Rather mind-blowing that the Art Institute of Chicago has 184 of Winslow Homer’s artworks. Usually when I look an artist in their catalog, there are 4 results. Maybe 10. Sometimes it might balloon up to 16. But here are one hundred and eighty-four!
One of the top images is a watercolor of a man rowing a boat.
The Art Institute’s description for this painting includes this delightful insight:
“His gaze, forward and slightly elevated, is evocative; one senses that the old man is at once alert to nature and lost in his own contemplations.” (bolding mine).
The man is both alert and lost in contemplations. What a delightful way to describe him! Looking to other Homer artworks, perhaps the Art Institute has just as delightful descriptions. And they do!
The descriptions on many of these Winslow Homer artworks calls out their various dualities. In the following quotes, I bolded a few words to highlight each dichotomy.
Nurtures and deprives
“While one fisherman hauls in the netted and glistening herring, the other unloads the catch. Utilizing the teamwork so necessary for survival, both strive to steady the precarious boat as it rides the incoming swells. Homer’s isolation of these two figures underscores the monumentality of their task: the elemental struggle against a sea that both nurtures and deprives.”
Life and death
“With trademark ambiguity, Homer presented the bass suspended between life and death. Will it succeed in grabbing its bright target only to seal its fate? The fish’s sudden jump slices through the dark, quiet jungle with a momentary flash of life and color.”
Game of croquet vs game of flirtation
One of my favorite paintings on display at the Art Institute of Chicago features a game of croquet. However, the Art Institute’s description online missed the duality in this painting.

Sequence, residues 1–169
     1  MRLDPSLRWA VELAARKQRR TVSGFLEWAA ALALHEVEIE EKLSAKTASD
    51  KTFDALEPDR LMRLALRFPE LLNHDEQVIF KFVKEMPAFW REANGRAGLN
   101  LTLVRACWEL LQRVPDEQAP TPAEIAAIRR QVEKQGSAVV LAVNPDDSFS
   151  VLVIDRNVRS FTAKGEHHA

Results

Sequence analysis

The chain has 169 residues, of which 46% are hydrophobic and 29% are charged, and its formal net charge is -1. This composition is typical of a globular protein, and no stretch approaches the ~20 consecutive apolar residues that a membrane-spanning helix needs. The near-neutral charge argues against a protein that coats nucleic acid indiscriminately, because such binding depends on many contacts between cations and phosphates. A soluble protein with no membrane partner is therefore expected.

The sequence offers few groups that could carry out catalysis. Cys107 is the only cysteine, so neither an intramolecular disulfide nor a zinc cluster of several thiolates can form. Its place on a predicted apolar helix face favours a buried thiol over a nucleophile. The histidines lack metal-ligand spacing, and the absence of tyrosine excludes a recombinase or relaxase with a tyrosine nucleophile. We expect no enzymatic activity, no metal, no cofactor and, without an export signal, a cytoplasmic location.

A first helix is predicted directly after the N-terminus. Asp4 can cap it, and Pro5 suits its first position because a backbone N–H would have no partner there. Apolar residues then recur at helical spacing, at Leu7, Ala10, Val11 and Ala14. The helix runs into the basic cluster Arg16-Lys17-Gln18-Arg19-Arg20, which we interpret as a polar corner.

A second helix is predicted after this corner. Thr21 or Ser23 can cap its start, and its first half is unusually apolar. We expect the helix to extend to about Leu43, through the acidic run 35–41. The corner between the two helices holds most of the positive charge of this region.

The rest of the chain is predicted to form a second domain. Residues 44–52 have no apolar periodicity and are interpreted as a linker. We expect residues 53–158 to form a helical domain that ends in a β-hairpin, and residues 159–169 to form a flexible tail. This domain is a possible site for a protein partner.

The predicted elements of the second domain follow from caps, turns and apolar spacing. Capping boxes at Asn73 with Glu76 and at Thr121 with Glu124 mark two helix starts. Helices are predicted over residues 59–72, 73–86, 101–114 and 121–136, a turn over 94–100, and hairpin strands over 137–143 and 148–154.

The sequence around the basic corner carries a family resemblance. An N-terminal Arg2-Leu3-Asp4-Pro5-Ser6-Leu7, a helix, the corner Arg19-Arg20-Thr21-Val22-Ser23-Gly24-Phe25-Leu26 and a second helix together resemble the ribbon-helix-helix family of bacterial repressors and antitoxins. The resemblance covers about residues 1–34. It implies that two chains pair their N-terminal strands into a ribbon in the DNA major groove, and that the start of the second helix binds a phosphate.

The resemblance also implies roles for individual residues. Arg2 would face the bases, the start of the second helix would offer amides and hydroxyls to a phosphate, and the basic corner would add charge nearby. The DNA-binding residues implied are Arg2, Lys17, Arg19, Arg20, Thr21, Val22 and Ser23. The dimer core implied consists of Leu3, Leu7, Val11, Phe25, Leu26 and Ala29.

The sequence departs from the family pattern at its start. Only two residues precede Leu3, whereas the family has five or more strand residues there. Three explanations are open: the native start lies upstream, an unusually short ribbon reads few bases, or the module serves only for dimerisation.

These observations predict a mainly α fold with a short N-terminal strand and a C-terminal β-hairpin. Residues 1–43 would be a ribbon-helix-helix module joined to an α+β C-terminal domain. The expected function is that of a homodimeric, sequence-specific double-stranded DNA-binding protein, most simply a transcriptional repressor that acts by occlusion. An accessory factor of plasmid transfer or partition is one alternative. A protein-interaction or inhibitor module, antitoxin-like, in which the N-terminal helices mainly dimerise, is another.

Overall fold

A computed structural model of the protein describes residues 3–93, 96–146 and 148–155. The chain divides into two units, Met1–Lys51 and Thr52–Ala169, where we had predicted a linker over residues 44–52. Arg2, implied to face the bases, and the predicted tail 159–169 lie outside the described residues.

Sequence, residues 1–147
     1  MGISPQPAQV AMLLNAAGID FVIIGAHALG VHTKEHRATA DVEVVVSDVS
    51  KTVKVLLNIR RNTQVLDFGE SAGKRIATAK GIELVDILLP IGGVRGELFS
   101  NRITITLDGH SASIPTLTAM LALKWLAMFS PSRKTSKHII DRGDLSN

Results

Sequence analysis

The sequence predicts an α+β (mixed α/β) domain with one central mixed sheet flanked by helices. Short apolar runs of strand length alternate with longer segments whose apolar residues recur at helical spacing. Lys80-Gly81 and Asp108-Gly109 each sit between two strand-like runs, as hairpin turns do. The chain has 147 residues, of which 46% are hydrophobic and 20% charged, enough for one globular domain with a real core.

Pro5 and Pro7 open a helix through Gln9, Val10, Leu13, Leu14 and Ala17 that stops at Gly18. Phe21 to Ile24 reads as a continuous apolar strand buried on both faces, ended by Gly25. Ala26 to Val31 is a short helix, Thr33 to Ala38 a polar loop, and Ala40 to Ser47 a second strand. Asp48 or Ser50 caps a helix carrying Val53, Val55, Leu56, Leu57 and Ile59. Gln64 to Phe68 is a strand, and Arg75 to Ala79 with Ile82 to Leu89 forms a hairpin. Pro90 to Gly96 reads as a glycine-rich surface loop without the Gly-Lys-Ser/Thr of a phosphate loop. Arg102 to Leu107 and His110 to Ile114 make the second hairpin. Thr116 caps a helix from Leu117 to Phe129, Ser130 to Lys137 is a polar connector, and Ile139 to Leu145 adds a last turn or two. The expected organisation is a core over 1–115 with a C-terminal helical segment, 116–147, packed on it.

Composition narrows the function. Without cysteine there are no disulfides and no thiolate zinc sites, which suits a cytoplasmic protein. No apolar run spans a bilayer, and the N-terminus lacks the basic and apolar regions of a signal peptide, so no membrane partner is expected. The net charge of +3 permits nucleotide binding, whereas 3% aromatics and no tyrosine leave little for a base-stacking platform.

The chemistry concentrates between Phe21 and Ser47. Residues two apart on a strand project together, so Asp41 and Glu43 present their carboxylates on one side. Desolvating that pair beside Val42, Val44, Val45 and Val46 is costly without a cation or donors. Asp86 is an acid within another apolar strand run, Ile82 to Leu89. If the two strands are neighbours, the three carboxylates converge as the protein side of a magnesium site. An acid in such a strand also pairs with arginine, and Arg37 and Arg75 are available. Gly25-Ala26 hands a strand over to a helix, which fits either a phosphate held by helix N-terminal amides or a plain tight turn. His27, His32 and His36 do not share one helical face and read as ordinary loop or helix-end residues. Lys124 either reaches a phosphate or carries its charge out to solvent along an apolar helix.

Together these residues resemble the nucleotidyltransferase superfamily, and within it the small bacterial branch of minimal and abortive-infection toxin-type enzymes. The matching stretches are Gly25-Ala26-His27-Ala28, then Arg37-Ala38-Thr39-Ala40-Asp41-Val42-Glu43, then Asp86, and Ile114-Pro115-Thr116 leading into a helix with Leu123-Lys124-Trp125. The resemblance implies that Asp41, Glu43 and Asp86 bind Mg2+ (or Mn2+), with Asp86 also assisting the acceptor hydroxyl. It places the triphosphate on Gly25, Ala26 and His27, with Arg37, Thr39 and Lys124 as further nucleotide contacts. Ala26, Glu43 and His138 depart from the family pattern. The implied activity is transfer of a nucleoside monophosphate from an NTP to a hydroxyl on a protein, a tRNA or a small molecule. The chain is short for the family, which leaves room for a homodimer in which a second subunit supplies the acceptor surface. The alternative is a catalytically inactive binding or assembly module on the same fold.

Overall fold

The man crouching down is either repositioning his croquet ball, or he is being flirty with the woman in the red and white dress. The woman in the blue dress is either shielding her eyes from the sun, or she’s trying to not watch this man’s flirting actions. Thus, this man is either playing the game of croquet or he’s playing the game of flirtation.
Relaxed or resigned
“the impassive (or dazed) expression of the castaway and his surprisingly relaxed (or resigned) pose imbue the subject with ambiguity.”
Threatened yet beautiful
“In North Woods Club, Adirondacks (The Interrupted Tête-à-tête), hunting is only hinted at in a subliminal way. Homer pictured two white-tailed deer, a doe and a buck, at the edge of a mountain meadow. Homer selected the exact moment when the deer become aware of another presence, the identity of whom is left to the viewer’s imagination.”
“Two tall white pines stand silhouetted against the view, echoing the two deer. White pine had been dangerously over harvested in this period, and worry over its dwindling numbers in the Adirondacks paralleled concern for excessive hunting of deer. Homer drew the pine trees and deer carefully in pencil before adding watercolor, making sure that the distinctive characteristics of both threatened species would be clearly identifiable.”
[The “beautiful” is implied.]
Neatly-attired vs rustic
“Young, well groomed, and neatly attired, the fisherman in this watercolor stands in contrast to the rustic guides featured in many of the artist’s other Adirondacks works.”
Expressive also protecting
“The tree’s roots are expressive formal elements in their own right, but these ancient tentacles also seem to protect the resting man.”
Winslow Homer is such an incredible artist for packing in so much nuance into each of these artworks. Kudos to the Art Institute of Chicago for calling each of these out.